Honda SS50

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Honda SS50
Honda SS50.JPG
Fully restored 1975 Honda SS50ZK1-e (UK 4-speed)
ManufacturerHonda Motor Company
PredecessorHonda S50
ClassMoped
Engine49 cc (3.0 cu in), four stroke, air-cooled, OHC, single[1]
Transmission4-speed, later 5-speed, manual via chain[1]
Frame typePressed-steel
SuspensionHydraulic, front and rear
BrakesDrum, later front disc/rear drum
Wheelbase1.180 m (46.5 in)
DimensionsL: 1.840 m (72.4 in)
H: 1.020 m (40.2 in)
Seat height0.750 m (29.5 in)
Weight76 kg (168 lb)[citation needed] (dry)
Fuel capacity7 l (1.5 imp gal; 1.8 US gal)
Oil capacity0.7 l (0.15 imp gal; 0.18 US gal)
Early German version of the Honda SS50

The Honda SS50 is a 50 cc (3.1 cu in) moped manufactured by the Honda Motor Company.

Predecessors were the OHV C110/C11/C114 and OHC S50. Produced from 1961 onwards, the Honda 50 Sport (type C110 and C111) variant of the Super Cub, laid out the basics of all future models: It had a pressed-steel frame, hydraulic front and rear forks, a 49 cc (3.0 cu in) OHV four-stroke engine. The cylinder was laid horizontally to optimise cooling. The final drive was chain running in an enclosed chain case. The S50 featured an all-new OHC alloy head engine.

The SS50 replaced these in the late 1960s, using a new T-shaped frame with separate rear mudguard, and telescopic front forks to replace the leading links.

SS50[edit]

The SS50 replaced the OHV C110 and derivatives, with the SS standing for "Super Sports". Basically with the same form as the S50, it had a few upgrades:[1]

The first SS50s in the late 1960s, were delivered with chrome panelled tank, and frame painted in the same colour as the tank's paintwork. Later on they got a longer, thinner 7 l (1.5 imp gal; 1.8 US gal) petrol tank in red, blue or yellow and a grey frame, and chromed mudguards. Introduced with a four-speed gearbox, the handlebar controls and switches corresponded to the high level of other Honda motorcycle models, made from cast aluminum, and a standard rear-view mirror. All three of these bikes came complete with a chromed high level exhaust and heat shield.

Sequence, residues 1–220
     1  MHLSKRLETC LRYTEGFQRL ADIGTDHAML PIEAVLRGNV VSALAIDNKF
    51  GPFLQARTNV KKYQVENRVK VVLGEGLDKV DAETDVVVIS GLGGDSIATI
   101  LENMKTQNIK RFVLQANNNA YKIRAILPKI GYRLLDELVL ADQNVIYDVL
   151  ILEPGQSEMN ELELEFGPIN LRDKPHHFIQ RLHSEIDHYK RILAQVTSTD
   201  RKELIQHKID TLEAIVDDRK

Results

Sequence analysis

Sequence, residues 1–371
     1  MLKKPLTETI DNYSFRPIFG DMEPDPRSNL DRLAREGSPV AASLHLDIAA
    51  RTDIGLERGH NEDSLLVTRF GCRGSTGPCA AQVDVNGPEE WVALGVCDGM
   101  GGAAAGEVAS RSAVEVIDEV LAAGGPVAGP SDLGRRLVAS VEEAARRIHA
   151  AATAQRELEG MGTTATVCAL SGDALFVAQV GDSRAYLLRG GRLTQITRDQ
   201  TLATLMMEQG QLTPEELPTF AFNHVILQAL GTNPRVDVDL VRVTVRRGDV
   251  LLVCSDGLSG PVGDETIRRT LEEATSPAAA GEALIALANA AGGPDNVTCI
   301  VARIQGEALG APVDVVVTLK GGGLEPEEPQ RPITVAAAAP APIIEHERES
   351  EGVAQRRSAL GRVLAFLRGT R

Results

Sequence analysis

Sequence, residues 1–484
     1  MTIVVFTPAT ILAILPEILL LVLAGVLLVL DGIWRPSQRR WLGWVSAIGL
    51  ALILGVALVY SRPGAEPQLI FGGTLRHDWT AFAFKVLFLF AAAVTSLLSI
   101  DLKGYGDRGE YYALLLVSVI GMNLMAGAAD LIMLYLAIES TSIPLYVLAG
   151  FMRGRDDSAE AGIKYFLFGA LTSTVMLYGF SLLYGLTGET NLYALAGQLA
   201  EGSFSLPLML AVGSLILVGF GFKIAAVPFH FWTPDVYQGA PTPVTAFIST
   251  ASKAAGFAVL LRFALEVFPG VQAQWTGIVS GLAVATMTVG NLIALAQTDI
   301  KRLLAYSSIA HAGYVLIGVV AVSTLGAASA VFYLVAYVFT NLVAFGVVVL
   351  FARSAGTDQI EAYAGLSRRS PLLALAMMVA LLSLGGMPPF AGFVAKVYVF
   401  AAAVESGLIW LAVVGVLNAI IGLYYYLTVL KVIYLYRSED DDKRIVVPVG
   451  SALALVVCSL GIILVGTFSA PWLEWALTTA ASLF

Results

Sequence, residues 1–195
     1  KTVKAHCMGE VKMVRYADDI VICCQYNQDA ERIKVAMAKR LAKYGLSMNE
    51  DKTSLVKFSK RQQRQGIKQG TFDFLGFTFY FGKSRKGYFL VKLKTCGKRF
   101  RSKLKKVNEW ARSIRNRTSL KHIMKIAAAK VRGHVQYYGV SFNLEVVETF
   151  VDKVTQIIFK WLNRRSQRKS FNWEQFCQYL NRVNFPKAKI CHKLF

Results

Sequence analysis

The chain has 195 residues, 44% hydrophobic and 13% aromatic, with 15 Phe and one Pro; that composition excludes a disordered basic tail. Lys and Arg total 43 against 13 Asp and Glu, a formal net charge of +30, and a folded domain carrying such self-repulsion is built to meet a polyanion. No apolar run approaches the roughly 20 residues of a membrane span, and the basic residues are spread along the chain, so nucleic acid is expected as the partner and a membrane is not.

The later five-speed SS50 had an extra gear and the engine was also tuned up making it faster and more competitive in the UK market. The frames of the later five-speed models were black differing to the grey of the four-speed. The last five-speed versions had a front disc brake instead of the twin drums used earlier..

As a moped, to comply with the legal requirements in the United Kingdom and some other European countries, the SS50 was available with a pair of bicycle-like pedals. The special pedal cranks allowed both pedals to be rotated forward, so that the pedals would form motorcycle-style footrests in normal operation.

All Mopeds registered in the UK after 1 September 1977 were restricted to a maximum of 31 miles per hour (50 km/h), but did not legally need bicycle pedals.[2]

Competition[edit]

The Honda SS50 varied greatly from its competitors in using a four-stroke engine, its global competitors the Suzuki AP50 - A50II and the Yamaha FS1E "Fizzy" used two-stroke engines. This made the SS50 slower on acceleration, but more reliable and economical.[2]

Related models[edit]

The SS50 49 cc engine was also used in numerous related models including the ST series (minibike) and the Z series "monkey".[1][2]

In Vietnam[edit]

The Honda SS50 is commonly known as a Honda 67, later Honda 72 (SS50V 1972 model) in Vietnam, particularly in the South.[3]

See also[edit]

References[edit]

Footnotes
  1. ^ a b c d Stewart W. Wilkins (30 May 1975). Haynes Owners Workshop Manuals - Honda SS50. J H Haynes & Co Ltd. ISBN 0-85696-167-1.
  2. ^ a b c Skelton, Richard (November 2004). Funky Mopeds: The 1970s Sports Moped Phenomenon. Veloce Publishing. ISBN 1904788114.
  3. ^ "Honda 67 collection rare and priceless". Retrieved 2016-08-24.
Sources
  • Stewart W. Wilkins (30 May 1975). Haynes Owners Workshop Manuals - Honda SS50. J H Haynes & Co Ltd. ISBN 0-85696-167-1.